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Erschienen in: Infection 6/2022

Open Access 16.04.2022 | Original Paper

Dissecting the correlates of N-terminal prohormone brain natriuretic peptide in acute infective endocarditis

verfasst von: Lorenzo Bertolino, Maria Paola Ursi, Domenico Iossa, Arta Karruli, Fabiana D’Amico, Rosa Zampino, Giovanni Dialetto, Marisa De Feo, Emanuele Durante-Mangoni, The Monaldi Hospital Cardiovascular Infection Study Group

Erschienen in: Infection | Ausgabe 6/2022

Abstract

Purpose

To explore the prognostic value and the correlates of NT-proBNP in patients with acute infective endocarditis, a life-threatening disease, with an often unpredictable outcome given by the lack of reliable prognostic parameters.

Methods

We retrospectively studied 337 patients admitted to our centre between January 1, 2006 and September 30, 2020 with available NT-proBNP level at admission. Our analyses were performed considering NT-proBNP as both a categorical variable, using the median value as the cut-off level, and numerical variable. Study end points were in-hospital mortality, cardiac surgery and 1 year survival.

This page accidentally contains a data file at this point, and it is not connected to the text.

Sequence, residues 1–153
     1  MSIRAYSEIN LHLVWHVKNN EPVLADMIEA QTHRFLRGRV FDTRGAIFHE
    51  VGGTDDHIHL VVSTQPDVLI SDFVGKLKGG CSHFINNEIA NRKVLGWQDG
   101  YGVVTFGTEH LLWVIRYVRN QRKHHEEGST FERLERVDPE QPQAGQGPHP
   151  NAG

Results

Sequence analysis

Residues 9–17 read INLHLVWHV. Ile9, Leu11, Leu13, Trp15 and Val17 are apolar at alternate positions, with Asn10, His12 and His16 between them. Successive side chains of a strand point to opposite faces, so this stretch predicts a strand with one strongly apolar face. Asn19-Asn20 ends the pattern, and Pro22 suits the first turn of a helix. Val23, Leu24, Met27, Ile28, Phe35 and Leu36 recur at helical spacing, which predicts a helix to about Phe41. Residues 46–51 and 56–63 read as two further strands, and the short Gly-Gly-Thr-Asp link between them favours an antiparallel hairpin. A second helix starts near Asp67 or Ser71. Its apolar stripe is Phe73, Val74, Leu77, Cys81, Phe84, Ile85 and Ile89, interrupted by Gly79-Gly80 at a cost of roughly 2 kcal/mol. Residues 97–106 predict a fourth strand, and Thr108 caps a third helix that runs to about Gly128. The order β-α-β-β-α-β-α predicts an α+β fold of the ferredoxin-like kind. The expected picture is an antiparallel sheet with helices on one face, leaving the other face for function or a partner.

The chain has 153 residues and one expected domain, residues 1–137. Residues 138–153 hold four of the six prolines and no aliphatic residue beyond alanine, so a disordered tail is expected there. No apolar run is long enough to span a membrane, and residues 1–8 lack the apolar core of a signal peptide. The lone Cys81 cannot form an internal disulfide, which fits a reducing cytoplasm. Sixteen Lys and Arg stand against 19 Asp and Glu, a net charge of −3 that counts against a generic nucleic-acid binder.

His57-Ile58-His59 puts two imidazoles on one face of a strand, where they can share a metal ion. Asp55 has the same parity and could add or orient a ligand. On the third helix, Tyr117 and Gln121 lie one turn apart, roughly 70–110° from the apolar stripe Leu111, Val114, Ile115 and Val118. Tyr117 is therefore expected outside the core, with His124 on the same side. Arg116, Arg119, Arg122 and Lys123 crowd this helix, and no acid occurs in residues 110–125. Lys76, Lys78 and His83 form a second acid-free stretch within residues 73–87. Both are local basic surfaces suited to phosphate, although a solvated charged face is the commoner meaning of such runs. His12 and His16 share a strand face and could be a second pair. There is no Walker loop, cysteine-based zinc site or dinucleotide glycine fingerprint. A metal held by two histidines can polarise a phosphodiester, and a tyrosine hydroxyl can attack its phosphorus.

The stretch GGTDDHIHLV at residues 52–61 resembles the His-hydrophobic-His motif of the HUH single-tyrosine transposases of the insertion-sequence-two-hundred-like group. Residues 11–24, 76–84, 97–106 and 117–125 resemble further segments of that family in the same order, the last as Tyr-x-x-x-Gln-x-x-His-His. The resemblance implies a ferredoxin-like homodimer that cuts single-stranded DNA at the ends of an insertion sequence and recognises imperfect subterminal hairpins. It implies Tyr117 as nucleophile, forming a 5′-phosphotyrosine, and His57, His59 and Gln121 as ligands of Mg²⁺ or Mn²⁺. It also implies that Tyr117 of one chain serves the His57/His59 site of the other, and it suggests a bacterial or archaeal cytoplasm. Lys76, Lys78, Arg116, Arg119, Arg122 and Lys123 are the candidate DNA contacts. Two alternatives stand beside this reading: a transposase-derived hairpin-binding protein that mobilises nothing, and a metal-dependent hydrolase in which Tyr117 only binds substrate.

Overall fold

Results

NT-proBNP was an independent predictor of in-hospital mortality (OR 14.9 [95%C.I. 2.46–90.9]; P = .003). Levels below 2926 pg/mL were highly predictive of a favorable in-hospital outcome (negative predictive value 96.6%). Patients with higher NT-proBNP levels showed a significantly lower survival rate at 1 year follow-up (log-rank P = .005). NT-proBNP was strongly associated with chronic kidney disease (P < .001) and significantly higher in patients with prior chronic heart failure (P = .001). NT-proBNP was tightly related to staphylococcal IE (P = .001) as well as with higher CRP and hs-troponin I (P = 0.023, P < .001, respectively).

Conclusion